Postoperative treatment: The inguinal incisions were pressed with sandbags for 6–12 h, with close observation of wound bleeding, ecchymosis range, lower extremity skin temperature, dorsalis pedis artery pulse, and other signs. We also monitored myocardial enzymes, routine blood test results, and blood biochemical test results. According to the principle of PCI postoperative treatment, we recommended dual antiplatelet therapy for the 1st year, including aspirin 100 mg, once daily + clopidogrel 75 mg, once daily, followed by aspirin 100 mg, once daily for lifetime. Antihypertension, antihyperlipidemic, and other medical treatments were implemented if necessary.
SPSS 17.0 statistical software (IBM Corporation, Somers, NY, USA) was used for statistical processing. The data in the results are expressed as the mean ± standard deviation (X ± s), and the statistical method used was the t-test. P < 0.05 indicated that the difference was statistically significant.
| Results|| |
For the aortic pathologies, 11 cases received abdominal EVAR procedure, including 9 cases underwent bifurcated stent-graft implantation into the aorta and both iliac arteries and the other 2 underwent straight stent grafts in the abdominal aorta; and 5 cases had thoracic EVAR procedure, including 2 cases underwent chimney technique-mediated left subclavian artery reconstruction simultaneously through left brachial artery puncture. The last one patient, a 74-year-old woman, just had aortic angiography and did not have repair procedure because the whole aorta enlarged severely.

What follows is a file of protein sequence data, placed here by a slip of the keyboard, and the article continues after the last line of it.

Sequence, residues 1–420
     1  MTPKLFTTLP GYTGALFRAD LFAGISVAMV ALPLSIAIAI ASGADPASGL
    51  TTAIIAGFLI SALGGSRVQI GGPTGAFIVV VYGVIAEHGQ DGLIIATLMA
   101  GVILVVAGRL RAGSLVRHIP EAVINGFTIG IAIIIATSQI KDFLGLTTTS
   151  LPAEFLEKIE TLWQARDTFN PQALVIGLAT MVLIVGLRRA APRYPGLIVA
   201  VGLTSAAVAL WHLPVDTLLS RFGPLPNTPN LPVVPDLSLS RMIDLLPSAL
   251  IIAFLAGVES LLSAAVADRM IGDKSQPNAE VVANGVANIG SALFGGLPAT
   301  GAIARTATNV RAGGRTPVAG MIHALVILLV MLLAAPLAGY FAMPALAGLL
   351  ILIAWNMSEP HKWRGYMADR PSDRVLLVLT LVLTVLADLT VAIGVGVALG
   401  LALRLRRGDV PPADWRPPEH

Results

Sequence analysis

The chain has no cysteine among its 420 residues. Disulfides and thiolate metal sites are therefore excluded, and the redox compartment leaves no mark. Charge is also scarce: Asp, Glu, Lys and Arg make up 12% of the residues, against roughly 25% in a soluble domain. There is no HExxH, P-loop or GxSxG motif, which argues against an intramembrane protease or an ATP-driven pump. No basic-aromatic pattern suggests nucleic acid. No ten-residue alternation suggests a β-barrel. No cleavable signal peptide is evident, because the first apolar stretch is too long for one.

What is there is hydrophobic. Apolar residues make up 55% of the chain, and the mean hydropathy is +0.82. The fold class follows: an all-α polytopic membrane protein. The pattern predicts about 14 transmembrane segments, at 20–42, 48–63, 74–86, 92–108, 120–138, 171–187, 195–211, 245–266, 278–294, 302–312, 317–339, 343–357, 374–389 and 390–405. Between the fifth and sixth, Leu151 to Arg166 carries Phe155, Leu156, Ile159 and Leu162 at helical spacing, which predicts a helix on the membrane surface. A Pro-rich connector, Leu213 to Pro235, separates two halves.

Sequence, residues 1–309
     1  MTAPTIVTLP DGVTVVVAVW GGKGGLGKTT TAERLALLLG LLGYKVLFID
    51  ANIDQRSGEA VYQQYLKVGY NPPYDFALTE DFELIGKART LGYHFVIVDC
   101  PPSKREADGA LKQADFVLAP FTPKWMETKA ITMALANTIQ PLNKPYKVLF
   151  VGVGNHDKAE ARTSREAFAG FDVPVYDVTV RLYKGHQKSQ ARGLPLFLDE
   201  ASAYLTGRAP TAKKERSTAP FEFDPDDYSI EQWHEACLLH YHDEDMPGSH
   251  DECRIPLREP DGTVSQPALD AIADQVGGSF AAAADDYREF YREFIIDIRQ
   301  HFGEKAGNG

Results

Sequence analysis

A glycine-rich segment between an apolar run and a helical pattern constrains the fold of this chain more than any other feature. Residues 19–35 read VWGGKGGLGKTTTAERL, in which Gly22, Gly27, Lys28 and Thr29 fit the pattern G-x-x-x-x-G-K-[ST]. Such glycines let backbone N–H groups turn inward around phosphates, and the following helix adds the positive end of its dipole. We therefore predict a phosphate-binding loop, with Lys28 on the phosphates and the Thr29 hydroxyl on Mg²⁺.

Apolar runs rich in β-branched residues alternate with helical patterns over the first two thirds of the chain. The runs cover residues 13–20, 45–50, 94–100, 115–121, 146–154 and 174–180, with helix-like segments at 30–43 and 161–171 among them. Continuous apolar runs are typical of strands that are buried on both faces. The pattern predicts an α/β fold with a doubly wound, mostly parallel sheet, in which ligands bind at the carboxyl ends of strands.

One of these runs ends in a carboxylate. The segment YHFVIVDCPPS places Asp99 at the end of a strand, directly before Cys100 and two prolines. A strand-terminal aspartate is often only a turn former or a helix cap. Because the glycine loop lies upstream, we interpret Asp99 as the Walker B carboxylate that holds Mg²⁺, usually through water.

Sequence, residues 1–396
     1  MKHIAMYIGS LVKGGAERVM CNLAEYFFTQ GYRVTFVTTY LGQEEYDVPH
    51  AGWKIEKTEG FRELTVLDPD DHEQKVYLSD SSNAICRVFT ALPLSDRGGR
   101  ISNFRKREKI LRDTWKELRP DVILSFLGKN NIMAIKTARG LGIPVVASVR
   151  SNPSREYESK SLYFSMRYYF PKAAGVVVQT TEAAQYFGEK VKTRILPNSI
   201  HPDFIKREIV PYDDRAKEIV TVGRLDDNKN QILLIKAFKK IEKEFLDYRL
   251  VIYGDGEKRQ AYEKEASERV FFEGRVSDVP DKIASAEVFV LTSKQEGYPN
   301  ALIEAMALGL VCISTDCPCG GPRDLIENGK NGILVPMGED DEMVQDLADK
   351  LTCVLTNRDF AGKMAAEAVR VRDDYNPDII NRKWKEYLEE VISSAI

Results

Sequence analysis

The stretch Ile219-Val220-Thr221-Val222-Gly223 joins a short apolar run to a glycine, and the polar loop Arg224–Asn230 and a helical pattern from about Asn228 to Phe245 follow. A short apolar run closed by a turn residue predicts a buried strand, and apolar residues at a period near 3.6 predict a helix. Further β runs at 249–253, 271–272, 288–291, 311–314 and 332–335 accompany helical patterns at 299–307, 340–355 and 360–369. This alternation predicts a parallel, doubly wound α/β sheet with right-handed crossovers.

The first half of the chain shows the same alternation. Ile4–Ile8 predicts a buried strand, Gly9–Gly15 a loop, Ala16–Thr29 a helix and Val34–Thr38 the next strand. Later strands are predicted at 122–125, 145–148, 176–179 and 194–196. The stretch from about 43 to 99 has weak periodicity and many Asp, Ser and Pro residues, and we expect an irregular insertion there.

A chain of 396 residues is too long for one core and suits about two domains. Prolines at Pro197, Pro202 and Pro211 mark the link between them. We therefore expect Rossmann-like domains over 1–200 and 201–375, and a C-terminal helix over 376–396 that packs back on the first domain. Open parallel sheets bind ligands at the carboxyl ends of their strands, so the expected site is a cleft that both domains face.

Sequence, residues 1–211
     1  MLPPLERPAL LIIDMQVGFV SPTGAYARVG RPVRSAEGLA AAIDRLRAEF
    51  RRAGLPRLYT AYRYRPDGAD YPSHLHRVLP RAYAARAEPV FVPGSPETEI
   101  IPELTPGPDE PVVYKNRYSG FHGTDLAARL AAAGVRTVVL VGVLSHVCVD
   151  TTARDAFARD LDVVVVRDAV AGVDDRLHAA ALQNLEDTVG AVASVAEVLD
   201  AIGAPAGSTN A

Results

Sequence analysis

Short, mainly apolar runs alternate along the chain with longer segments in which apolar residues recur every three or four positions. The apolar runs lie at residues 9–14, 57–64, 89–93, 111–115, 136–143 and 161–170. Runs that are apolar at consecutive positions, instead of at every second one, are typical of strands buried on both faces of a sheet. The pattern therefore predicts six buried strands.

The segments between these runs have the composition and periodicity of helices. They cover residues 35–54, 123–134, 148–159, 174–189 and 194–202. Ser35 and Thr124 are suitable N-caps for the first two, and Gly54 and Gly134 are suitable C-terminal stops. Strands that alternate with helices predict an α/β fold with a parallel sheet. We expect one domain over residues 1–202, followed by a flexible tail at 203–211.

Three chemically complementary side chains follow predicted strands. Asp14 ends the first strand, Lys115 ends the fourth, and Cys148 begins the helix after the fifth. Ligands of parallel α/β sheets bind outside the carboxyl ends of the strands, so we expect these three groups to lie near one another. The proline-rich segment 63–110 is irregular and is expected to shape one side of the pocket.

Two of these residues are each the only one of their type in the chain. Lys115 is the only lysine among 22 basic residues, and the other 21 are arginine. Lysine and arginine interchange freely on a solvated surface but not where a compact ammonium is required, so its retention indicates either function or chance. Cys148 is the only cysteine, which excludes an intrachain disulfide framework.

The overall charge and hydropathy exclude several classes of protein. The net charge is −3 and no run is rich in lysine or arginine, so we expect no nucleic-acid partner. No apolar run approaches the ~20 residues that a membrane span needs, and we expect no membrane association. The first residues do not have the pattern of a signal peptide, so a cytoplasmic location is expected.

For the coronary intervention treatment, 10 cases were treated with coronary stent implantation, with an average stent number of 1.8 (1–3); 1 case was treated with only balloon dilatation, and 6 cases just had coronary angiography without any intervention because it showed no indication for stenting in 5, and coronary artery bypass grafting (CABG) was recommended in 1 because of severe multivessel lesions.
The technical success rate of “one-stop” EVAR/PCI hybrid procedure was 100%, and there were no hospital deaths or major cardiovascular events. Postoperative complications included 4 cases that had large areas of subcutaneous ecchymosis in the vicinity of the groin incision, of which 1 case had subcutaneous hematoma in the incision and was infused with 2 U of erythrocytes for decreased hemoglobin levels. One case of penetrating aortic arch ulcer had pseudo-aneurysm at the left brachial artery puncture point after chimney for left subclavian artery rescue and received pseudo-aneurysm resection + brachial artery repair. Two had mild type II endoleak after abdominal EVAR without any additional treatment. The detail information is shown in [Table 1].
One patient was lost to follow up 12 months later. This patient returned to the hospital 12 months after the procedure with a good status, but thereafter, he did not come again and cannot be reached by telephone neither.